Bucs coach Dirk Koetter has key statistics that he puts great value in, finding a close correlation between success in those areas and success on the scoreboard. Winning the takeaway battle is always first among those priorities, but he and his staff put considerable value in "explosives" — big plays both for his offense and as allowed by his defense.
Koetter has his own personal evaluation for what constitutes an explosive — I believe it's a run of 12 yards or longer or a pass play of 16 yards or longer. Needless to say, the Bucs have struggled to get more explosives than they allow, which is part of why they're now a 4-9 team.
If you extend the concept to evaluate really big plays — we'll say 40 yards or more — the Bucs are among the NFL's worst in both directions, failing to add the big-play threat they'd hoped to by signing DeSean Jackson, and struggling to keep opponents from getting big plays through the air.
The Bucs didn't allow a play of 40 yards in Sunday's loss to the Lions — the longest they allowed was 38 yards, but their longest on offense was a 23-yard Jackson run, so it's still a relevant time to address this.
On offense, the Bucs have just three plays all season of 40 yards or longer, matching the Browns and Broncos for the least of any team in the NFL. None of these three have come in the last eight weeks — a 58-yard catch by O.J. Howard vs. Giants, 41-yard catch by DeSean Jackson vs. Patriots and 41-yard catch by Mike Evans vs. the Cardinals, all in the first five games of the season. They're also one of nine NFL teams without a run of 40 yards or longer.
Defensively, they've allowed 10 pass plays of 40 yards or more — only the Giants, Chiefs and Texans have given up more. They've only allowed one run play of 40-plus yards, but the total of 11 allowed puts their season differential at minus-8.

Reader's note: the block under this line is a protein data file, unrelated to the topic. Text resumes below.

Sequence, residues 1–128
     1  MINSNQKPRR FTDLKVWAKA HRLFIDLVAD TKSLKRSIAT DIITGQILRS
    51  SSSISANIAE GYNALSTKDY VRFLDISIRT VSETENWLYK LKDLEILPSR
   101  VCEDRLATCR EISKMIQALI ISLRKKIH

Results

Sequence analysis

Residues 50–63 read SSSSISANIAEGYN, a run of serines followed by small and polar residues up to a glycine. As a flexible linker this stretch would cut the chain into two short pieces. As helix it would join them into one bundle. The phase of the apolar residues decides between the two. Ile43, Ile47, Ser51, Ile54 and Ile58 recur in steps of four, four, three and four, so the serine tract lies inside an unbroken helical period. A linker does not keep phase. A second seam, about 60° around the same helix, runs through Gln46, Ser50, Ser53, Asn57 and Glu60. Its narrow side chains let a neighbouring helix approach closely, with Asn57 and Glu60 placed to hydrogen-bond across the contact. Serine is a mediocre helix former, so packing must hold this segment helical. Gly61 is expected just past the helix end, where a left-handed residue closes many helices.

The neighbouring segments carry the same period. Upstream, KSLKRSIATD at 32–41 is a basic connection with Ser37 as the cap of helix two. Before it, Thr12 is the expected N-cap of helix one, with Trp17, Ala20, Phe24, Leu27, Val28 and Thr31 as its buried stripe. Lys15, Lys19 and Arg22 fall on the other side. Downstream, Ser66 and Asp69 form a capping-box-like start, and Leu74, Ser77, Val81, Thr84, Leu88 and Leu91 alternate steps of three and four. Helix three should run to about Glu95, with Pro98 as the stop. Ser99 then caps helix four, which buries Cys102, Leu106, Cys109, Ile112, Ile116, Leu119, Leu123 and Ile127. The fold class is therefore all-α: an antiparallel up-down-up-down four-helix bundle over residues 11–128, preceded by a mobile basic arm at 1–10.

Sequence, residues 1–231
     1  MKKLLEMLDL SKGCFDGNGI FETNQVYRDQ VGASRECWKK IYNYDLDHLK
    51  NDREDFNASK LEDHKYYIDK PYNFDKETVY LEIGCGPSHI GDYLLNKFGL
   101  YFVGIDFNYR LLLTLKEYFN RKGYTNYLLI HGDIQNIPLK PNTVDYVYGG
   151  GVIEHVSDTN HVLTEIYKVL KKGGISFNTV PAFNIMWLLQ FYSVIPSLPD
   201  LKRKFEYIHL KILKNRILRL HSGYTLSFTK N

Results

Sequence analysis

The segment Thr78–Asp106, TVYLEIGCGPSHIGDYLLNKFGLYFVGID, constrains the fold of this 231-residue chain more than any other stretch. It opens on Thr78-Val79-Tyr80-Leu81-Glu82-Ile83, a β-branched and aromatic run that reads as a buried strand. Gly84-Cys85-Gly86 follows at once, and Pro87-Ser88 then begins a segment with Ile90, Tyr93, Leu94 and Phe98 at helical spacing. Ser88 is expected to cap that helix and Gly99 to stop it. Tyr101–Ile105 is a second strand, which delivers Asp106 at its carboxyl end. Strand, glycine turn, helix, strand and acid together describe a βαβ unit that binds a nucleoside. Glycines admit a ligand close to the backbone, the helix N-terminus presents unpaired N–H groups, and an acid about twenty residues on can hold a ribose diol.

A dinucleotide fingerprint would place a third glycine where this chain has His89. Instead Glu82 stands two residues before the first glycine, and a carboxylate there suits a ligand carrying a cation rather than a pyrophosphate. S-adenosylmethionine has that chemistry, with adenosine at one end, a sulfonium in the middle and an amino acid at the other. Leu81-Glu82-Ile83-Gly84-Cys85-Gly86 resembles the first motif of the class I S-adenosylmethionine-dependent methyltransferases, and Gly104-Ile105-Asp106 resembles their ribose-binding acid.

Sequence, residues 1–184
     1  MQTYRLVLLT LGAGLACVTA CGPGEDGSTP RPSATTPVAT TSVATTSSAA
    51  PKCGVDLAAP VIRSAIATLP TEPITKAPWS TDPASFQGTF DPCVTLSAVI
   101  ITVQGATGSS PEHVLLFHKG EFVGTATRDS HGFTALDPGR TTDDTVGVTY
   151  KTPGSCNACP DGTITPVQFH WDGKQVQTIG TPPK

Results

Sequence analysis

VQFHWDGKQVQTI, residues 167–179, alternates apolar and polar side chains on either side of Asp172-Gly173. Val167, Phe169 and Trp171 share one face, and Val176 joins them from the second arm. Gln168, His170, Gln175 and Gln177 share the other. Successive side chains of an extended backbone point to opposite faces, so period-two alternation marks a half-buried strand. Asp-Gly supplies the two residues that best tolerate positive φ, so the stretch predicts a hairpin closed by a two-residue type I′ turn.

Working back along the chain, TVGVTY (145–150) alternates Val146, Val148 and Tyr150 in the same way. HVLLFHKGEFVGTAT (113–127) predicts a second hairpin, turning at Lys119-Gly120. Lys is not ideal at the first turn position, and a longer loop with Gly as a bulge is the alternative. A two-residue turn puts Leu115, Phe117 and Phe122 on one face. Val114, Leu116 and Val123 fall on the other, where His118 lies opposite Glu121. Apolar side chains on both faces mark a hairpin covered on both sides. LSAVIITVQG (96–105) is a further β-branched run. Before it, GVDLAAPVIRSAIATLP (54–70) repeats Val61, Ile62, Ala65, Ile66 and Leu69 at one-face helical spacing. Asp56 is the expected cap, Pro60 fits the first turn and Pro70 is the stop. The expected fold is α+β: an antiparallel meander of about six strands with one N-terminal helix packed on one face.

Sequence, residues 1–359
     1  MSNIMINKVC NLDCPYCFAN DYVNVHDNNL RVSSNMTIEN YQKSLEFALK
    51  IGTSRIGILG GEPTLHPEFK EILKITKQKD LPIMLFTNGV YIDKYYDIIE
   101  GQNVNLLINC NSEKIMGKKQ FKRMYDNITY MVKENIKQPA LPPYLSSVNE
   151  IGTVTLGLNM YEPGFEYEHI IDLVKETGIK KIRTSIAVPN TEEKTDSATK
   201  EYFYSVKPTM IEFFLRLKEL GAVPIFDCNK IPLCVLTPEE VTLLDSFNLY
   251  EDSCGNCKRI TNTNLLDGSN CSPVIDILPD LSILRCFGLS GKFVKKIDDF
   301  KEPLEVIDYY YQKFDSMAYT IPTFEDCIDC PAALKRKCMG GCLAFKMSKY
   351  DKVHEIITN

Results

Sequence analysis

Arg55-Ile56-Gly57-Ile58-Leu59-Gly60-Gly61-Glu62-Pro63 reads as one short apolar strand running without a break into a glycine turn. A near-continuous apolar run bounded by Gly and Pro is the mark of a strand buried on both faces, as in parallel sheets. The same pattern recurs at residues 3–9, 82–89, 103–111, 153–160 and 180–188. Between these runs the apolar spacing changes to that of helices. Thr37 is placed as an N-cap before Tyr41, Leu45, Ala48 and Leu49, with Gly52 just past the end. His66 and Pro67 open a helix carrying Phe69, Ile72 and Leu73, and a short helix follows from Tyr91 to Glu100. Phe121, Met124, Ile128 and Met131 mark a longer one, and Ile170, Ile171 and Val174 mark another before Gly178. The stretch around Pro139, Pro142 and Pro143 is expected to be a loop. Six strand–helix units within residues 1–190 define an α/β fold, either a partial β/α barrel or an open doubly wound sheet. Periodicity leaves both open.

Only three teams in the NFL are worse than minus-4 — the Bucs at minus-8, the Texans at minus-8 and the Giants at minus-9. All but five NFL teams are between minus-4 and plus-4, which is to say that most teams, if they give up a lot of big plays, usually they answer with a similar amount. The league's best teams are Seattle (plus-5) and Atlanta (plus-8).
This isn't a new development — the Bucs had just six total 40-yard plays on offense last year, with the four on pass plays tying for the NFL low. Defensively, they gave up 17 40-yard plays last season, with the 16 allowed through the air also matching the NFL high. So in Koetter's two seasons as head coach, his teams have allowed 19 more 40-yard plays than they've had themselves on offense.
Adding big plays on offense was a major theme in spending big to bring in Jackson, who led the NFL in yards per catch last season. Jackson's longest catch is 41 yards this season — for comparison, he had 13 catches longer than that in 2014, with three different QBs throwing to him: Kirk Cousins and Robert Griffin III had five each and Colt McCoy had three. Last year, he had five 40-yard plays, and he averaged 6.5 catches of 40-plus yards per season in his first nine NFL seasons before coming to Tampa.
The Bucs have disappointed for a number of reasons, and injuries are certainly among them, but the continued absence of deep passing plays is also a major part of why they've struggled.